The best free MP3 software
In these days of Spotify streaming, an MP3 collection may seem like a throwback – but managing your own music means you never need to worry about it disappearing, being unable to get on the internet or hearing it in lower quality than you'd like. While Windows Media Player and Windows 8's music player do their best, there are better apps to play, organise and sort out your collection. These are our favorites.
For many of us, Winamp is the only music player worth mentioning: it's been around since the earliest days of digital music, and while various ownership issues mean development has been halted for a while as lawyers fight each other, it remains a fantastic and very flexible music player.
In addition to supporting every audio format you can possibly imagine, Winamp supports skins to change its appearance and plugins that add new features – equalisers, audio processors, visualisations and more. As its slogan goes, "it really whips the llama's ass".
MediaMonkey is a great app for organising and playing music libraries of any size. It can automatically rename your MP3s and sort out the way your music files are organised; it can fix broken ID3 tags and tell you if tracks have been duplicated, and it makes it easy to share your music with other devices, including Apple and Android kit, Smart TVs, DNLA-compatible Blu-ray players and so on.
Some of the advanced features are limited to the paid-for Gold version, but the free version delivers an awful lot of bang for zero bucks.
If you've got an iPod touch, iPhone or iPad then Apple really, really wants you to use iTunes, and while it's not everybody's favourite, it remains the best way to get music onto Apple devices.
The latest version introduces an improved user interface, Family Sharing (which enables you to share purchases with other members of your family without having to share your account details or passwords), better playlist editing and performance improvements. If you find it runs a little slowly, delete the Smart Playlists and disable the Genius feature: they seem to have a big impact on iTunes' performance.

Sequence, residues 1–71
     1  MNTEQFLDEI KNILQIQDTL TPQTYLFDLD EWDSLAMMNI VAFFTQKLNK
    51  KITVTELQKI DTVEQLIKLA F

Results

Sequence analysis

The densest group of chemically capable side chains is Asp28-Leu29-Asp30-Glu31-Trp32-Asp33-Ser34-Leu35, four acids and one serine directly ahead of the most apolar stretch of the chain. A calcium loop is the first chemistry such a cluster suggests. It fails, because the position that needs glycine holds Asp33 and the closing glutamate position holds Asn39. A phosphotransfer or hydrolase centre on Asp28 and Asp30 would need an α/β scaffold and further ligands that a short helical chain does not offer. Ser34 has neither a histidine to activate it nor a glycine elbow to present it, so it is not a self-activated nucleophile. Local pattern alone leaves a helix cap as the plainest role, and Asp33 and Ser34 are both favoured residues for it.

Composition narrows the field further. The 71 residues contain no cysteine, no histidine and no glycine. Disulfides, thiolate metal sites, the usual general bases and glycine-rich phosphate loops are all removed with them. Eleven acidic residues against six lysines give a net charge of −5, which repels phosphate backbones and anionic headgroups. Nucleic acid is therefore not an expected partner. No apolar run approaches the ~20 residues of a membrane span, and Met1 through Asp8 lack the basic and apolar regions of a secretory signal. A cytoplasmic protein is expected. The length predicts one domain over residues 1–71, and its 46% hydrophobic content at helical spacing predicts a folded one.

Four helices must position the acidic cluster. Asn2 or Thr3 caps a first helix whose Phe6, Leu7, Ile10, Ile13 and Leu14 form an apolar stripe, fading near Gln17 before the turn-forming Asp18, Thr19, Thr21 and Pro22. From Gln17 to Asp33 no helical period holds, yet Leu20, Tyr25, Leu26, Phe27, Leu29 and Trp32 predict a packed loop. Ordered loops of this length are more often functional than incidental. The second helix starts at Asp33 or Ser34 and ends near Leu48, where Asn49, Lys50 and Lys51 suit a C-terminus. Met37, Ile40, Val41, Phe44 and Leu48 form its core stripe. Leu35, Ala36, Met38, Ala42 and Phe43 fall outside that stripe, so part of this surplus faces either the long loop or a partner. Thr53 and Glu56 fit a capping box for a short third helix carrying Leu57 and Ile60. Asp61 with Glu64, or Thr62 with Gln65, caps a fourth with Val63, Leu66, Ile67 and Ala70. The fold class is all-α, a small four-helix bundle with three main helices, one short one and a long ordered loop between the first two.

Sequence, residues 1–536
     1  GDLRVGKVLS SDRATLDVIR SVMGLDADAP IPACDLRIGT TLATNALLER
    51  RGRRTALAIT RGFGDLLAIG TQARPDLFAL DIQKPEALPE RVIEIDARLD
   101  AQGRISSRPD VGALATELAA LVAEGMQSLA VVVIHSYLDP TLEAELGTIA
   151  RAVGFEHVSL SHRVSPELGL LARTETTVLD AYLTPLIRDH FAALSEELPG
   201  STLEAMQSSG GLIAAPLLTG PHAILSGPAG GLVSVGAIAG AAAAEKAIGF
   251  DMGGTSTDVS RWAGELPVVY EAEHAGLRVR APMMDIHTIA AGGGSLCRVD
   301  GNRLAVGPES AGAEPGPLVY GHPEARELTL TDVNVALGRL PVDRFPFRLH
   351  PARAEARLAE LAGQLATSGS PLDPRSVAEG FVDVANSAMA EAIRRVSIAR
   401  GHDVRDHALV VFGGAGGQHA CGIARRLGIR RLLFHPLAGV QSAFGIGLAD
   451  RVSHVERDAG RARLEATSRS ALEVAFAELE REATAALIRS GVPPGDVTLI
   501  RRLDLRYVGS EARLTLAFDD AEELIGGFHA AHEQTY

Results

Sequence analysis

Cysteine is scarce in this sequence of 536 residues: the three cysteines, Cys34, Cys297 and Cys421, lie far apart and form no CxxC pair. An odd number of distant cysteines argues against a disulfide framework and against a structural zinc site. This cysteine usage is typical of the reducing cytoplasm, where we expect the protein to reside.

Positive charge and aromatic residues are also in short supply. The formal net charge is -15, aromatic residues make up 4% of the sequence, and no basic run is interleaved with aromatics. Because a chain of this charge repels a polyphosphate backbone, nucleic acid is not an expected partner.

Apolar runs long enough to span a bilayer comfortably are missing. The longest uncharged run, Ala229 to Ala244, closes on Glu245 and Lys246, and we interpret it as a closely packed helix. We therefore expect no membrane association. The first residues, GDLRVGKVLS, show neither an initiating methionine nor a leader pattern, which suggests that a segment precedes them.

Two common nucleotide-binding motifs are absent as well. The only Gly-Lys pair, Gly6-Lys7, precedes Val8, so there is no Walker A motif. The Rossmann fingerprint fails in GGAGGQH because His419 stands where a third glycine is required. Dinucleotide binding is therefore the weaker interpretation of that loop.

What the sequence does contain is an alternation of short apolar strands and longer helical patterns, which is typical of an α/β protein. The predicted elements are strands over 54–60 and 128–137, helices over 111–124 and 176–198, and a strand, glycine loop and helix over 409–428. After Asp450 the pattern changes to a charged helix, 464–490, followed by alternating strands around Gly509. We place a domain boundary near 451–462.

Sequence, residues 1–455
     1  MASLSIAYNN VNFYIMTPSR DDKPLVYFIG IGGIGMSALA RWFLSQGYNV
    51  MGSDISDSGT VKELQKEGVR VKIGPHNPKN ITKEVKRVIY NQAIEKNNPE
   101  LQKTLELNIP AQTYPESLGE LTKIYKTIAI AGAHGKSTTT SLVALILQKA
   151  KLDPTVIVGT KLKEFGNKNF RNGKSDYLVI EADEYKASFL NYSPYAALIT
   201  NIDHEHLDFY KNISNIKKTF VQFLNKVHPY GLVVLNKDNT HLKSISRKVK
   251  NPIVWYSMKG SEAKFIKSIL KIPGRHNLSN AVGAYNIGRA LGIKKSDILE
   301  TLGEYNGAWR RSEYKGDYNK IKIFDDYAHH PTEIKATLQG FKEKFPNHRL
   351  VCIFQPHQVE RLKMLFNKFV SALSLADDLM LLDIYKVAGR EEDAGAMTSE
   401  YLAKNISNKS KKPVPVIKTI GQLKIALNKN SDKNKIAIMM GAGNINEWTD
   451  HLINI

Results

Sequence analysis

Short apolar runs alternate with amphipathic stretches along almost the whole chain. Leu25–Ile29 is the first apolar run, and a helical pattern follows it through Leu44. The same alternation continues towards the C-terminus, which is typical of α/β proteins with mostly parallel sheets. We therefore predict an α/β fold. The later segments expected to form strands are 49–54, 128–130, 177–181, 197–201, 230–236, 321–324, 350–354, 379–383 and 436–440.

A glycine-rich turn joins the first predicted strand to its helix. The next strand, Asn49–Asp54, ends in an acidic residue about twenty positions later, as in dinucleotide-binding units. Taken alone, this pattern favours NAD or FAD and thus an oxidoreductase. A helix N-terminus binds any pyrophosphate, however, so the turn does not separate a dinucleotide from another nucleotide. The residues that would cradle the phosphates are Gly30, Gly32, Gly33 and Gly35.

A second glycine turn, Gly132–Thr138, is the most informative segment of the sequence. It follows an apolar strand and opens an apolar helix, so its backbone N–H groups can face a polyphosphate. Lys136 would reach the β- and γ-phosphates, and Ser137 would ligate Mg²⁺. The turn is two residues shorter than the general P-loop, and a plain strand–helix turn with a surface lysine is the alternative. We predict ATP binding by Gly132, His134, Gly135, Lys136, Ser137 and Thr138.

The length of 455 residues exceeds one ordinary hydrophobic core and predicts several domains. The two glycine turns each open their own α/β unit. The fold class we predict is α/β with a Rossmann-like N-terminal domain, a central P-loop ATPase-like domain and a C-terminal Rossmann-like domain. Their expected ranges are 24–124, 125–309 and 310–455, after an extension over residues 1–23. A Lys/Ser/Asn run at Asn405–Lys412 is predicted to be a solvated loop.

Music folders can be frightening places, and the longer you leave them disorganised, the more terrifying they can become. Thank heavens, then, for MusicZen. It's an incredibly simple and very useful utility that can tame even the most tempestuous digital music collection, moving and renaming files while getting shot of duplicates.
By default it organises music by artist, then by year, and then by album, although you can change that if you like. Its simplicity means it's very, very quick, so if you've been putting off that music folder fixing, you don't need to put it off any longer.
5. VLC Media Player
As a music player VLC Media Player looks rather basic, but we're including it here because it's the Swiss Army Knife of digital media: if it can't play it, it probably isn't worth bothering trying to play in the first place. It plays CDs and DVDs, video CDs, MPEG, AVI, ASF, WMV, WMA, 3GP, MKV, Real Audio, FLAC, Flash, MIDI… you get the idea.